Well, I completed the project last night. Here is what I did…
First, I measured the current draw of the LED strip from the PSU. It was 1.45A max. I found a 12V 2A wall wart laying around (trusting it would actually provide 2A), and it fit perfectly in the space at the bottom of the lamp (where the ballast transformer was). I removed the plastic case of the adapter, soldered the power input and output cables (also stabilized them with black hot glue), and used the bottom half of its case for insulation.
After screwing the cover plate of the bottom part back into its place, it was time to make another LED driver card. I had made one of these for a sculptor friend, who is going to use it for one of his lamps. So the firmware and the PCB was ready, all I needed to do was to print the PCB on a piece of PNP paper, laminate it on a 50 mm x 100 mm copper clad, etch it, and solder the components on. The whole process of making this card took me about an hour and a half.
My friend, who wanted this LED driver built for him, needed to control the brightness of the LEDs with an optical quadrature encoder in his project (well, he actually said: “no turn limits, very little friction, high resolution”). So the PIC counts the pulses, checks the direction, and feeds it to the PWM DC registers. No look-up tables, no gray code, simple and functional. Works with both mechanical and optical encoders. The only difference is, the mechanical encoders’ A and B pins can’t be reversed, optical ones don’t care. They only need the extra power pin on the board. The mechanical encoder I use in this project is 24 P/R, the optical one I used for his project is 400 P/R. Here’s the schematic, and the PCB shot. Schematic and PCB files are in Proteus Isis & Ares format, but there’s also a PCB print in PSD format. The PIC was programmed in Hitech PIC C. The code is rather simple and efficient. All can be downloaded from here.
The circuit is simple. 12V DC is fed to the LEDs through an N-MOSFET, which is PWM driven by the PIC. The plastic box is an efficient, 5V, switching DC/DC converter, which requires no external components. You could use a 7805 with the necessary capacitors if you chose. The N-MOSFET IRF530 can drive 100V at 14A, continuously. A bit of an overkill, but good for future uses. The firmware limits the DC (duty cycle) of the PWM to 98%, since the N-MOSFET heats up badly (there is a technical explanation for this, but I don’t know what it is) at 100%. The LED on the card is on whenever the min (0%) or the max (98%) value is reached. The PWM frequency is 980Hz, and the DC is adjusted by loading the number of encoder pulses from 0 to 250 (250 is 98% and 255 is 100%) to CCPR1L. Since it would take the mechanical encoder 250 / 24 = 10.42 turns to sweep the whole range, I multiplied the counter with 10, to be able to cover the whole range with 25 pulses (one pulse more than a whole turn). This was no problem with the 400 P/R optical encoder, since 62.5% of a turn (250 / 400) was covering the whole range. It took me a while to be able to fit the card in the space at the head of the lamp. I had to remove a terminal block which was actually unnecessary. I also added two 100 nF capacitors from the A and B pins, which are on the side of the mechanical encoder, to the center GND pin of the encoder for debouncing.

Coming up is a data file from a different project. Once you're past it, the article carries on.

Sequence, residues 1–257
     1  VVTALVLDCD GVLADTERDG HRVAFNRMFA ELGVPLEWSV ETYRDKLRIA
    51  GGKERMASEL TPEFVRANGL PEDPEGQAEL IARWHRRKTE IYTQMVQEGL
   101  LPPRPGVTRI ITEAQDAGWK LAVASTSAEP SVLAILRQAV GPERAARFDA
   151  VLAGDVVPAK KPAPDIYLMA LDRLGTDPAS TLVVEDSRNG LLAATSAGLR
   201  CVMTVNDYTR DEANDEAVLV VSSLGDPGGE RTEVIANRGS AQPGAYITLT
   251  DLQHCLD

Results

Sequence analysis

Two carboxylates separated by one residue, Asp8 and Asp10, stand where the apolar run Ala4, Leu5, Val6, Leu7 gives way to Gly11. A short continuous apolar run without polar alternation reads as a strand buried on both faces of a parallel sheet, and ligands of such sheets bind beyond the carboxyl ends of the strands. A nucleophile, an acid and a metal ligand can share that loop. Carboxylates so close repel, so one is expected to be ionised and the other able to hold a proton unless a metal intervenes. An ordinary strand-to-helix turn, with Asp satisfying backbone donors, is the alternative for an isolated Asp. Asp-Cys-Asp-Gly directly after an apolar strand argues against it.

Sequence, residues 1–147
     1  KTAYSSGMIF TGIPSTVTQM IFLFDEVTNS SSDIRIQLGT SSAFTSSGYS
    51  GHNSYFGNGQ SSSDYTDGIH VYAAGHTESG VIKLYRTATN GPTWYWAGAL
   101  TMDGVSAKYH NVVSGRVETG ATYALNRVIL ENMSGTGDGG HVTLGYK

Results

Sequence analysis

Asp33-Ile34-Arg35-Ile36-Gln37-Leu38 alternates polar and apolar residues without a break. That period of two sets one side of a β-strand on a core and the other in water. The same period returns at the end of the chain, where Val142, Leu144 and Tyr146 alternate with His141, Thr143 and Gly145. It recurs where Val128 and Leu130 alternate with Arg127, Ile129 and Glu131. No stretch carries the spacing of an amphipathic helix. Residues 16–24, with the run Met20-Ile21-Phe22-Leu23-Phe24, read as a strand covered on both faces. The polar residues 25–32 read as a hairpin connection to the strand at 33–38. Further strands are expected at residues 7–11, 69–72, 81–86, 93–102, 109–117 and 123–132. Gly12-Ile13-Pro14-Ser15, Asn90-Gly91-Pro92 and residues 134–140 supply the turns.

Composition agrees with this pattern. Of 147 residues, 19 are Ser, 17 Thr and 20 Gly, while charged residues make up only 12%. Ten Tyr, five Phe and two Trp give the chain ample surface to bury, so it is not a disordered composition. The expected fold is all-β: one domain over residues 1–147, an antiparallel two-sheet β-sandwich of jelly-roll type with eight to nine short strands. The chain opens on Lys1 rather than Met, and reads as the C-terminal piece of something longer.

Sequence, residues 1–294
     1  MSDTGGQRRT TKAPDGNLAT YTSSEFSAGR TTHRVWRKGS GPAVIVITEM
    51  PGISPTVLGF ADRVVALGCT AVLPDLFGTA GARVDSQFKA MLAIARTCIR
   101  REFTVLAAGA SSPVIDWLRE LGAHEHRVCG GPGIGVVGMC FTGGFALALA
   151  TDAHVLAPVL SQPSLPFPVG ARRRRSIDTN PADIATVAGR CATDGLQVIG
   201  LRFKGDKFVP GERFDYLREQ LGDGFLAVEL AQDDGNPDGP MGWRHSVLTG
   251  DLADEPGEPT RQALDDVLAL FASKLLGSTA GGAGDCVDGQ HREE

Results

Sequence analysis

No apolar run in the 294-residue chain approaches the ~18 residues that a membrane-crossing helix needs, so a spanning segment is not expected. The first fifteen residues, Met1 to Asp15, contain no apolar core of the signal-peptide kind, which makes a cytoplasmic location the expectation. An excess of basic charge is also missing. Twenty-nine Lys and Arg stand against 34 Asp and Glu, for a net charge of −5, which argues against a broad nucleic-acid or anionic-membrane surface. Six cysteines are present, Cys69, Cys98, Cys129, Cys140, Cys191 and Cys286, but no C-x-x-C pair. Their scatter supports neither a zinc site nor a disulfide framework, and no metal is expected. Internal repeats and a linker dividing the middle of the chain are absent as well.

As I was thinking about drilling a hole in the head of the lamp for the quadrature encoder, I realized could actually use the hole for the starter of the old fluorescent lamp. But there was a problem. The hole was too deep for the length of the knob on the encoder. So I turned a 25 mm long aluminum cylinder with 20 mm diameter (good for the 22 mm hole), and drilled a 6 mm hole 12 mm deep (encoder shaft length) at its center. I also cut a grove around the end, and sanded the edges for a better finish. Later on I drilled and tapped a hole on the side for a M4 setscrew. I was actually proud of this last part. It looks really good IMO.
After stabilizing the card in its place, and making the necessary connections with the cables, I screwed the plastic cover back in its place, and finished this project / hack. Here are some extra shots of the lamp and other details.
I also made a rather affordable MIDI Thru box for my music setup in the meantime. I will be writing about it in my next post.
I decided to put the status LED outside for better visibility. Since I didn’t turn off the lamp (what a noob!) as I was unscrewing the cables, I shorted the PSU, and fried it. I mounted the LED in a hole by the knob anyway. The fuse was blown, so I went and got another 0.5A glass fuse. But when I came back, I realized I had fried the IC as well. So I went and got another PSU, 12V 5A (3A was the same size) this time. The case looked bigger than what the space at the bottom of the lamp could handle. Yet, when I opened it, I realized I could saw off an ample part of the PCB, since the traces were straight, thick, and long towards the right. And I didn’t need the 220V socket. So I did that, soldered and gunked the cables back in their places and closed case cover.
Ok, now I can use my lamp…